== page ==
Last edited: Sep 12, 2011
  16. Sep 12, 2011 #15
    Interesting exchange about ontology vs epistemology in science. If I may I'd like to ask something about the "shut up and calculate" approach.
    To a certain point I agree this is the correct way to do science when you are dealing with something that is (or is believed to be) competely understood and mastered, but this is not usually the case and even when it seems so it might be a misleading mirage. So in my view this approach could in certain conditions block advancement in science. Let me show it with an example: In the ptolemaic system of epicycles they were getting pretty accurate results given their instruments, so as long as they were getting good predictions you could say they were applying the shut up and calculate method (they actually weren't because they attributed a very elaborated ontology to their calculations, but we can abstract that in my example), we know in retrospect their method was flawed but in their time whenever they found incompatible observations they just had to add a new epicycle, so the s.u.a.c method worked.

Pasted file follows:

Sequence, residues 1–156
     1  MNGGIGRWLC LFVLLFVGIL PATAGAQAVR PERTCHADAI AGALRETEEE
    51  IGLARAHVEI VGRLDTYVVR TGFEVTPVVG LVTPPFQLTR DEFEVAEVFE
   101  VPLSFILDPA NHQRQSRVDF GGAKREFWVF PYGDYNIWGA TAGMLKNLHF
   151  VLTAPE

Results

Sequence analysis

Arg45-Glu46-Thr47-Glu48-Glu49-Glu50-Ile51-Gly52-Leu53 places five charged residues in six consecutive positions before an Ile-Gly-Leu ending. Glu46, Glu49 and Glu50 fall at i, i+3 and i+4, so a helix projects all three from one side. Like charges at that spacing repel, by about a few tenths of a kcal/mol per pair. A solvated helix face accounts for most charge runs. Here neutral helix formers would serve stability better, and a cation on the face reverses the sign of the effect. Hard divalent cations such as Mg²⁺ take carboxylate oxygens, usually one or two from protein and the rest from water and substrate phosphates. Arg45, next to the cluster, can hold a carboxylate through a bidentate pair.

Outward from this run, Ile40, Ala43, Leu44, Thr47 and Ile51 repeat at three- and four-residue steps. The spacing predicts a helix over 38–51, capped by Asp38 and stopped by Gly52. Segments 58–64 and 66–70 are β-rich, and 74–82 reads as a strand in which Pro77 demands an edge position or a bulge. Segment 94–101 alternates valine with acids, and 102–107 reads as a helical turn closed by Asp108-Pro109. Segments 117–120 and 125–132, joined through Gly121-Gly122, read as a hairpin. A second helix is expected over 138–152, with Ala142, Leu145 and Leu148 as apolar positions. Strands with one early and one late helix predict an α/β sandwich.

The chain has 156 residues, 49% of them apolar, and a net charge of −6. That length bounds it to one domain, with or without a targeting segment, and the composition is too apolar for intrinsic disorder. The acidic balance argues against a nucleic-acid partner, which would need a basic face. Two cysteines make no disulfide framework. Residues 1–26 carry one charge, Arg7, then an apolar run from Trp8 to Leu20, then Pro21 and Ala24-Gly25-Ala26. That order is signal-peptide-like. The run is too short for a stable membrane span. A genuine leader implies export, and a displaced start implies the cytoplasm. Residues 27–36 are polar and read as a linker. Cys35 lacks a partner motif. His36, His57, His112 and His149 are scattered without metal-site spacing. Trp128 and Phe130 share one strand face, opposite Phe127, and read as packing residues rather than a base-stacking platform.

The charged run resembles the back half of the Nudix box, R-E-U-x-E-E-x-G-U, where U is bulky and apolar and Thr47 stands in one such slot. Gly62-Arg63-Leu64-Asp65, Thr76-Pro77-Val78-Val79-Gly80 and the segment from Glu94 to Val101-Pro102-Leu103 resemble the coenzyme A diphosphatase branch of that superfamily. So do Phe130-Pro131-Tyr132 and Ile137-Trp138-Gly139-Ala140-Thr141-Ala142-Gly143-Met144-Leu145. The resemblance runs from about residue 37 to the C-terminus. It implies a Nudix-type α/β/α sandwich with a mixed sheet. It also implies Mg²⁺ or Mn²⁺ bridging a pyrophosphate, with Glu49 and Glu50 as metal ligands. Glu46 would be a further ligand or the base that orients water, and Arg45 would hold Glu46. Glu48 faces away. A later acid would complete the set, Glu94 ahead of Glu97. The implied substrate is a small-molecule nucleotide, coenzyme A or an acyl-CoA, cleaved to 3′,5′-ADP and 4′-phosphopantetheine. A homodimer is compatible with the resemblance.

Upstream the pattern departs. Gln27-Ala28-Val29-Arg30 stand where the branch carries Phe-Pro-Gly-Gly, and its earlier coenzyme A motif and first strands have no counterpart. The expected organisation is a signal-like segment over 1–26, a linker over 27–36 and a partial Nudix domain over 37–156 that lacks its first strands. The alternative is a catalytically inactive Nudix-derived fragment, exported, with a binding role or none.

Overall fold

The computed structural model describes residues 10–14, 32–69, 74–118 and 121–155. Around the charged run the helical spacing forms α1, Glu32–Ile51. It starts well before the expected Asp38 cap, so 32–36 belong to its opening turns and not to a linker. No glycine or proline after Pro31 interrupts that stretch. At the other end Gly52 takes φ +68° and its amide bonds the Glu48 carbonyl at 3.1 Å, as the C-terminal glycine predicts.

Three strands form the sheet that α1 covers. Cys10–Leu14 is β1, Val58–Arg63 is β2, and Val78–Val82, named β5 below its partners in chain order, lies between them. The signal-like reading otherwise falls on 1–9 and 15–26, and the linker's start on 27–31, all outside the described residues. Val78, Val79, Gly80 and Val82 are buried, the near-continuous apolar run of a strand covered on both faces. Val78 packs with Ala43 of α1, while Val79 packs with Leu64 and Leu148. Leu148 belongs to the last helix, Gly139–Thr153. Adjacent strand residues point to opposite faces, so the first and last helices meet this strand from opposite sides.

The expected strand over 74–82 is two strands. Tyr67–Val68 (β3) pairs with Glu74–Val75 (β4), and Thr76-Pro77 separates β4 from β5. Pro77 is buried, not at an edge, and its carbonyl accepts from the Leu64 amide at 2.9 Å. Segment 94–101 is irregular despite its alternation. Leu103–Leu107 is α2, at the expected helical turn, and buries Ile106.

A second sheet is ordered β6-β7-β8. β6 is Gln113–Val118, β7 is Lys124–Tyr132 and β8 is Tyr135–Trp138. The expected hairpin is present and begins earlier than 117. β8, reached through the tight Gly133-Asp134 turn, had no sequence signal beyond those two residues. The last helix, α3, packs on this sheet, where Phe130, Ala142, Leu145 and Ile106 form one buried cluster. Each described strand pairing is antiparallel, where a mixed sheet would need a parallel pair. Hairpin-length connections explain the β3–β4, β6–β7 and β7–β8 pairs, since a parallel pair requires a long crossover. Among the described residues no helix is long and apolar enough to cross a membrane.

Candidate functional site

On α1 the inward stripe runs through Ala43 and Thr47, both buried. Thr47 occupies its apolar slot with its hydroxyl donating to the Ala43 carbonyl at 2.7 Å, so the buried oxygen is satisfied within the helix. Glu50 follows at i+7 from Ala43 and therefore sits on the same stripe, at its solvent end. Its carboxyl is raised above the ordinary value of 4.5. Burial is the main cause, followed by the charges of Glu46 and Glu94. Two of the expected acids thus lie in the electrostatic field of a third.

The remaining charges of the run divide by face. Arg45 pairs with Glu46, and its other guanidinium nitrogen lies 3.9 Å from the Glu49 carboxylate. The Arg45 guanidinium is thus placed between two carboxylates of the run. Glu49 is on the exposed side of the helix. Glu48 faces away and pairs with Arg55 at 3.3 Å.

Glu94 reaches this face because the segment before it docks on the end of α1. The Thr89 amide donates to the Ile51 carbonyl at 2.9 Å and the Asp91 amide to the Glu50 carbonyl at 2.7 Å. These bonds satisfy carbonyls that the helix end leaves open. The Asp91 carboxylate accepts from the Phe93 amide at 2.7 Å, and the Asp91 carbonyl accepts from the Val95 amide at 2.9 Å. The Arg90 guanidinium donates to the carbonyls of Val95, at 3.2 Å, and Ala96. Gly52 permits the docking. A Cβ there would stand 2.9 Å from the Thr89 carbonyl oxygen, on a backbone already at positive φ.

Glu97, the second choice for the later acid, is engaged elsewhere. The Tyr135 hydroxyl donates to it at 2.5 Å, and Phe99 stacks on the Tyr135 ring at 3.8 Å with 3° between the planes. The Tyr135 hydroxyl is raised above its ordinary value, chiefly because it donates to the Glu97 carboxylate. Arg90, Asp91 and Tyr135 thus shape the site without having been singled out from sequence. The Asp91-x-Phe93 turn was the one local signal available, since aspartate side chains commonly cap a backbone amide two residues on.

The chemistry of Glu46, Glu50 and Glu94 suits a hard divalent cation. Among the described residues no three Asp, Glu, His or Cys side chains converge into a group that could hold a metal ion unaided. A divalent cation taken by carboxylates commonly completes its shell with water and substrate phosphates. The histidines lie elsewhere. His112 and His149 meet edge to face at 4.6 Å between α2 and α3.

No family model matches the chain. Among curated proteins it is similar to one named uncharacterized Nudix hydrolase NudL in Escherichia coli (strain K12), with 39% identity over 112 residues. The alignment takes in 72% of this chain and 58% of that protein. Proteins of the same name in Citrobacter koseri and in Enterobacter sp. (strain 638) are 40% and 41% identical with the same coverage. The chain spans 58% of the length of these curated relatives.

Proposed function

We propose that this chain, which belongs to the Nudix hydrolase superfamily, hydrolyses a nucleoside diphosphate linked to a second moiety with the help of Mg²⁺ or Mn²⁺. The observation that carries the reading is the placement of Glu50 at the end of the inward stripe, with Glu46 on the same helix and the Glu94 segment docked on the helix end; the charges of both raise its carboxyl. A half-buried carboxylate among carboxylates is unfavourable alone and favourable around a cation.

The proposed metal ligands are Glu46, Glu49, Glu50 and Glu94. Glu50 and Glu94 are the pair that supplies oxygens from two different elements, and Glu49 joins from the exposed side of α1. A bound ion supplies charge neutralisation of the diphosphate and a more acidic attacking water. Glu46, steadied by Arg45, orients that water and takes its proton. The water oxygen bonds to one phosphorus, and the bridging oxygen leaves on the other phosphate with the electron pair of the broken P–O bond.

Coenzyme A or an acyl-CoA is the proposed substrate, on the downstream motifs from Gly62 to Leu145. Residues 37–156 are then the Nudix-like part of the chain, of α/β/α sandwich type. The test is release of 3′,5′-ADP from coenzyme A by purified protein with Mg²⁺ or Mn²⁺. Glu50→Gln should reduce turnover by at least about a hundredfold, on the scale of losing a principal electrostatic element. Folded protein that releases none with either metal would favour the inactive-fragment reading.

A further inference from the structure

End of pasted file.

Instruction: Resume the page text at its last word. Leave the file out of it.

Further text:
What I mean to say is that limiting oneself to the purely non-ontological way can have its setbacks too,in that it prevents you from conceiving extensions or modifications to a theory that gives certain accurate predictions.
     
  17. Sep 12, 2011 #16

    Ken G

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    And to your Ptolemy->Galileo example I would add Lorentz->Einstein. When it was found that Galileo's frame change did not succeed, Lorentz found the one that did, but had Einstein just said "s.u.a.c", he would never have recast the L.T. in terms of a new principle of physics.